JACKSON, Miss. (AP) - A Mississippi Democrat who was President Bill Clinton's first agriculture secretary officially announced his candidacy for U.S. Senate on Friday, saying he'll run in a special election to finish the term started by longtime Republican Thad Cochran.
Mike Espy, also Mississippi's first African-American elected to Congress since Reconstruction, had already said he had a "strong intention" to run.
The 64-year-old Espy, who lives in the Jackson suburb of Ridgeland, said in a statement released by his campaign that, like Cochran, he wants to be a "calming voice" that appeals to all Mississippians.
"It is in this same spirit that I offer my candidacy - to rise above party and partisan wrangling in an effort to appeal to all Mississippians - as we unite to show the nation, at the end of this second decade of the 21st century - just how far we have come," Espy said in the statement.
Cochran, 80, retired Sunday, citing poor health. Gov. Phil Bryant appointed fellow Republican Cindy Hyde-Smith to temporarily succeed Cochran. She will be sworn in Monday and will run in a special election in November.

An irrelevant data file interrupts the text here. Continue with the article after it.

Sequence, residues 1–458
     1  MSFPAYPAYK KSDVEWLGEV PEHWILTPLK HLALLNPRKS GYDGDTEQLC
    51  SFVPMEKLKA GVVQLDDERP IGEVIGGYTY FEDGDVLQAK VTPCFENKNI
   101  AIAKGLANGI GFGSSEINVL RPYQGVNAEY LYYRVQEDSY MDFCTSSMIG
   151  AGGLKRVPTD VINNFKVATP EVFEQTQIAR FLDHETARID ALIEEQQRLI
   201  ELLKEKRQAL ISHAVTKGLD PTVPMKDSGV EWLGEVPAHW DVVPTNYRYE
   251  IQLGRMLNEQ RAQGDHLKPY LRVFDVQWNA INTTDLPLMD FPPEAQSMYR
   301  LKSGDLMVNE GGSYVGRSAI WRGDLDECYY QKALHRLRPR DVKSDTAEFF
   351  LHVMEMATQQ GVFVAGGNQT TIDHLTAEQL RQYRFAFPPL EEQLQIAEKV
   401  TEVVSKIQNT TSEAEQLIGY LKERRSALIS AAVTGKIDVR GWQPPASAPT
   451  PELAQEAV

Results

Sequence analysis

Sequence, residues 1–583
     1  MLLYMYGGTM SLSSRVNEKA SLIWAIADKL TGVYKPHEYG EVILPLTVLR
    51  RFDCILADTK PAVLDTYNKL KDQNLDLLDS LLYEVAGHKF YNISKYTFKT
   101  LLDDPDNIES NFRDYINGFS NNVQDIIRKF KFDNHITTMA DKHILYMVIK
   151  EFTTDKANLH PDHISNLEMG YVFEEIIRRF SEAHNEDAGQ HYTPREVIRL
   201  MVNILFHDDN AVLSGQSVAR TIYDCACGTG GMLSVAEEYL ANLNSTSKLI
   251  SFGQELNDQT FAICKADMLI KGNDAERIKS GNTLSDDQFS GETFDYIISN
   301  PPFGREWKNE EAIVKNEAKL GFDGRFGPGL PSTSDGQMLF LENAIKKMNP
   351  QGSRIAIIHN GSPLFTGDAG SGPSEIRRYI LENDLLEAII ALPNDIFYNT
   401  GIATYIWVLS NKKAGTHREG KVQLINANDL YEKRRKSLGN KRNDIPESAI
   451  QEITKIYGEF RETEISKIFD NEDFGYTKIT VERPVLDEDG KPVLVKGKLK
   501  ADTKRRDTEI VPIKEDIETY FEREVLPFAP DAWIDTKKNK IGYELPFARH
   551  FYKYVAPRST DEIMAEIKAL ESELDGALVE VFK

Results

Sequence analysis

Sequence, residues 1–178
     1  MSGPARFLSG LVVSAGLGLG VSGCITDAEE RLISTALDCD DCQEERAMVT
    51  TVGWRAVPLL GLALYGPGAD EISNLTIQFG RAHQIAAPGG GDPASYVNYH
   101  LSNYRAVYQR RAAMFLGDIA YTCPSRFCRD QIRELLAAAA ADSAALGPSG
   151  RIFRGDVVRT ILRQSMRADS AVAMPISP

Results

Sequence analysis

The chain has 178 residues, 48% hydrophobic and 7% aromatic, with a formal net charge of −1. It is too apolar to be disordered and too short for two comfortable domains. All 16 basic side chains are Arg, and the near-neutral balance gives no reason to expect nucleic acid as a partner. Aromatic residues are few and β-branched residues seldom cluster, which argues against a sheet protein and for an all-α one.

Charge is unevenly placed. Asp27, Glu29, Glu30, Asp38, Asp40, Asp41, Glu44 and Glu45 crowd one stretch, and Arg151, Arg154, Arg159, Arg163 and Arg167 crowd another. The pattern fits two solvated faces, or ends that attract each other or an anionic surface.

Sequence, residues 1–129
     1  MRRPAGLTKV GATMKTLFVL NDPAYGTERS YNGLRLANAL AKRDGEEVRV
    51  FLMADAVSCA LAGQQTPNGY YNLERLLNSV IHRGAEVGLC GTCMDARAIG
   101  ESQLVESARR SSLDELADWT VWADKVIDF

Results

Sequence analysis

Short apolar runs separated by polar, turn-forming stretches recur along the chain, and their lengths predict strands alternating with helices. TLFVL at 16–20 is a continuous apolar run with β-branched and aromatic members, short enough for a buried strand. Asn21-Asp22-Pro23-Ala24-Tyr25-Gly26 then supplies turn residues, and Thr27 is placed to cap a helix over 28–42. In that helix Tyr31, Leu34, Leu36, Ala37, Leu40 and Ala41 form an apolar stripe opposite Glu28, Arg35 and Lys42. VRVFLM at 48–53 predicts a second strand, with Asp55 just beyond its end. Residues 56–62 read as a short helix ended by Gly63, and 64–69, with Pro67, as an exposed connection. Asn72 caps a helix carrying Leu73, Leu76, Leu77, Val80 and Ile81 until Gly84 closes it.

The special election winner will serve until January 2021. Besides Espy and Hyde-Smith, two other candidates have announced: Republican state Sen. Chris McDaniel of Ellisville and Democratic Tupelo Mayor Jason Shelton. Candidates won't be identified by party on the ballot, but they are allowed to tell voters their political affiliation.
Espy in 1986 became the first African-American in modern times to win a congressional seat in Mississippi, and he has publicly supported both Democrats and Republicans in various races. Born in Yazoo City, Espy is a member of a prominent family that built a chain of funeral homes across Mississippi's Delta region, giving them contacts in African-American communities. Espy also appealed to white farmers who underpin the region's struggling economy, and that agricultural focus led Clinton to name Espy to his Cabinet. Espy was indicted for illegally accepting gifts and favors while secretary and trying to cover it up, but was later acquitted at trial of all charges. Jurors said prosecutors never proved Espy had any criminal intent or delivered any favor as a result of the gifts.
Since the verdict, Espy has worked as a lawyer. He would be the third African-American to serve as a U.S. senator from Mississippi.
Mississippi also has a regularly scheduled election this year for a six-year Senate term.
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